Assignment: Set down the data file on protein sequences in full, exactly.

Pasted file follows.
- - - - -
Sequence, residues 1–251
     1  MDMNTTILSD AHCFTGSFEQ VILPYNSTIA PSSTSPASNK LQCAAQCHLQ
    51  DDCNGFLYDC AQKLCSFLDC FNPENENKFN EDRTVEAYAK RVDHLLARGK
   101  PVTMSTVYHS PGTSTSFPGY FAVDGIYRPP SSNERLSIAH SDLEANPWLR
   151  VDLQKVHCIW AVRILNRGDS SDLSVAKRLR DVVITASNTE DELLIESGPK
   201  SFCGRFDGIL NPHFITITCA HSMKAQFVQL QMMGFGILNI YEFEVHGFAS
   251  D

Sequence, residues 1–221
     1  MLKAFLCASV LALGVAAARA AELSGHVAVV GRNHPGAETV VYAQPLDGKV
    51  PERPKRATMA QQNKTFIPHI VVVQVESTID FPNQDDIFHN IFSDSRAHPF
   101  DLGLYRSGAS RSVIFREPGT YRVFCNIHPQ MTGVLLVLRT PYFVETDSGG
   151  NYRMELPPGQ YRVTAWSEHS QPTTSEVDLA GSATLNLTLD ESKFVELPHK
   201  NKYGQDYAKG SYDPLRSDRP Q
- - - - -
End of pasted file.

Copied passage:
Sequence, residues 1–251
     1  MDMNTTILSD AHCFTGSFEQ VILPYNSTIA PSSTSPASNK LQCAAQCHLQ
    51  DDCNGFLYDC AQKLCSFLDC FNPENENKFN EDRTVEAYAK RVDHLLARGK
   101  PVTMSTVYHS PGTSTSFPGY FAVDGIYRPP SSNERLSIAH SDLEANPWLR
   151  VDLQKVHCIW AVRILNRGDS SDLSVAKRLR DVVITASNTE DELLIESGPK
   201  SFCGRFDGIL NPHFITITCA HSMKAQFVQL QMMGFGILNI YEFEVHGFAS
   251  D

Sequence, residues 1–221
     1  MLKAFLCASV LALGVAAARA AELSGHVAVV GRNHPGAETV VYAQPLDGKV
    51  PERPKRATMA QQNKTFIPHI VVVQVESTID FPNQDDIFHN IFSDSRAHPF
   101  DLGLYRSGAS RSVIFREPGT YRVFCNIHPQ MTGVLLVLRT PYFVETDSGG
   151  NYRMELPPGQ YRVTAWSEHS QPTTSEVDLA GSATLNLTLD ESKFVELPHK
   201  NKYGQDYAKG SYDPLRSDRP Q